Fears about debt default replacing public anger
Anglo chief claims investors would not return to resource-free Ireland
"WE can't default even if we wanted to, because it's too late. We have made our bed and we have to lie in it."
That's the depressing conclusion of one person when asked if Ireland should default on the multibillion-euro debt of its most rotten financial institution, Anglo Irish Bank. And he isn't alone: 54 per cent of those surveyed in a Sun- day Independent/Quantum Research poll have now resigned themselves to paying for the reckless management of the bank by Sean FitzPatrick and David Drumm.
Public anger at the cost of the Anglo bailout -- variously estimated at between €25bn and €35bn -- is now being replaced by a very real fear of the consequences of default, with one female respondent saying such a course of action would "ruin our country" and turn us into a "Third World nation".
Her concerns will be heightened today by remarks from Anglo Irish Bank chief executive Mike Aynsley on the potential consequences of defaulting on the bank's massive debts.
Speaking to the Sunday Independent, Mr Aynsley said: "You can't really default on Anglo's debt across the board without having flow-on consequences at the sovereign level.
"It could result in Ireland pulling out of the euro. It could see foreign investors not coming back in to support economic growth, and therefore it would put an end to the prospects of economic recovery for an extended period of time.
"This is a country that relies on over €150bn of foreign investment by way of lending. If you turn that away, it's taking an approach that is tantamount to a scorched-earth policy. Default at a sovereign level is nothing that you would want to see."
The Anglo chief is dismissive of the views of some economic commentators that international investors would return to Ireland within two years of a default, as they had in other countries.
"You look at those nations [where investors came back in two years], they have huge natural resources that people want to come back and get. Ireland is so reliant on the export market and the services industry. It's very different than a nation that everybody wants to come to for their natural resources" he said.
Research published late last Friday evening by internationally respected market analysts, Barclays Capital, has identified the potential costs of recapitalising the banking system, and Anglo Irish Bank, "especially" as the "one factor that could bring some [large] uncertainty" to Ireland's cost of borrowing on the markets.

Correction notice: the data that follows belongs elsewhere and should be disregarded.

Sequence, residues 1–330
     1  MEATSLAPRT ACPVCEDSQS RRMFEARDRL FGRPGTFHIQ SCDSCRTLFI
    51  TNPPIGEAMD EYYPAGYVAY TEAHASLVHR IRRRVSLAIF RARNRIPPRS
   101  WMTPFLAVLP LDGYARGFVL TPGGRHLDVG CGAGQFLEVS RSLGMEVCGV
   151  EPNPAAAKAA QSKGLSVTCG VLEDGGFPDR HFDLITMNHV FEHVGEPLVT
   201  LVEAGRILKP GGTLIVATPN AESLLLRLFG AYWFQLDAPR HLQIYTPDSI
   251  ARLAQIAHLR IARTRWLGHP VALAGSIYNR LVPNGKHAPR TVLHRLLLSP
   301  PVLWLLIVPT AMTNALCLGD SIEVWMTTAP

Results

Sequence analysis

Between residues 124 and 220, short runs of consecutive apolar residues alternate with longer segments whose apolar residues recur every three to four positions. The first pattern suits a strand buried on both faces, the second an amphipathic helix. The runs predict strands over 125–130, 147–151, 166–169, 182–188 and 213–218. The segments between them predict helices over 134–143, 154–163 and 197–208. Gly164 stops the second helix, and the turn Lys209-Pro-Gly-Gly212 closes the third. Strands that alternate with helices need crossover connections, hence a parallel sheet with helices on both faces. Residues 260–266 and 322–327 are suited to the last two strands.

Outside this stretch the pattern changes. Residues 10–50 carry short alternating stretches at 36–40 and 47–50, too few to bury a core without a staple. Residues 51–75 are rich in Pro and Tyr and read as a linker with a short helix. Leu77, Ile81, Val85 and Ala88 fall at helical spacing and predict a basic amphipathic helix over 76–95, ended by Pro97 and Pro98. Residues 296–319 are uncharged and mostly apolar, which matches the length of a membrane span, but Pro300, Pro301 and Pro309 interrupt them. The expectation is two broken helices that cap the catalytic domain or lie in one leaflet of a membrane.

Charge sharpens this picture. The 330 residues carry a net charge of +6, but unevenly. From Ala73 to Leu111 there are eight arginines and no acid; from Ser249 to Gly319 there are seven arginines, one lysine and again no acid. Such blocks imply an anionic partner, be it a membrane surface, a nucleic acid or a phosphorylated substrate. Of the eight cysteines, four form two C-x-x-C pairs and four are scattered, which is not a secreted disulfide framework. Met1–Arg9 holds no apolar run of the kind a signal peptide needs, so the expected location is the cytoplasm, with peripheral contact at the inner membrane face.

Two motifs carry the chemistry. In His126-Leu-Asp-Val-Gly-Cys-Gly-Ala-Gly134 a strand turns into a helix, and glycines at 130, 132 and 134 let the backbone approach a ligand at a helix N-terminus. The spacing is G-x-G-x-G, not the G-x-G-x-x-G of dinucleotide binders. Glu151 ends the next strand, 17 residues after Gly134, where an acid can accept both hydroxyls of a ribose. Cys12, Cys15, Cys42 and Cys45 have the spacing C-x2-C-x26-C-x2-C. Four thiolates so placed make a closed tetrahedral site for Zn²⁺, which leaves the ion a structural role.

The Barclays' commentary, which is widely relied upon by international investors, came at the end of a week in which the yield on Ireland's 10-year bonds rocketed at one point last Tuesday morning to 6.1 per cent -- representing a spread of 3.85 per cent on German borrowing costs.
Asked by the Sunday Independent for his views on the Anglo bailout, Barclays Capital head of European fixed income strategy, Lauren Fransolet, said the cost -- whether that was €25bn or €35bn -- was not a "game-changer".
"The only problem would be if they [the Government] need to put up something like €20bn upfront for Anglo Irish, but that is unlikely to happen: a gradual wind-down over a period of time will spread that cost -- the Government budgets €2.5bn a year for the next 10 years, maybe it is going to be a bit higher, but even if it is €3.5bn, that is not a game-changer if spread over time," Mr Fransolet said.
But while the analysts at Barclays Capital might not see annual Anglo bailout bills of €2.5bn to €3.5bn as being "game-changing", costs such as these would hit the Irish taxpayer hard.
If the yearly cost was to reach the eye-watering €3.5bn upper limit over 10 years, each and every one of Ireland's 1.8 million-strong workforce would be forced to hand over an average of €1,944 per annum in additional taxes for a decade.
"This is coming from the international markets," said Mr Aynsley. "It's coming from a very credible player and it's very consistent with what the Minister for Finance and the Governor of the Central Bank have been saying. This is a lot of money and it's disgraceful that this amount of money has been lost, but at the end of the day, it's manageable. When you look at spreading this cost over a period of time, that's what makes it manageable."
Asked if the Government's decision to firstly include Anglo in its guarantee of the banking system on the night of September 30, 2008, and then nationalise it in January 2009, had in hindsight proved to be a costly mistake, Mr Aynsley said letting the bank go "would have taken the country down much harder".
A decision, meanwhile, by the EU Commission on the Government's latest proposal to wind down Anglo Irish Bank's operations through an orderly "work-out" in which the institution would be split into an asset recovery bank and deposit bank is expected in the coming weeks.
Informed government sources said that discussions with the EU were proceeding well, and while a number of matters in relation to the plan would need to be clarified, Commission officials had not expressed any concerns so far.
But while the Government might insist that Ireland's relations with the EU are on a strong footing, comments by ECB president Jean Claude Trichet to the Financial Times last Friday suggested a degree of tension exists. Asked if he believed member states should be suspended or even expelled for failing to adhere to the EU's rules on fiscal governance, Mr Trichet said: "No, I don't call for expelling members, but a temporary suspension of voting rights is something that should be explored."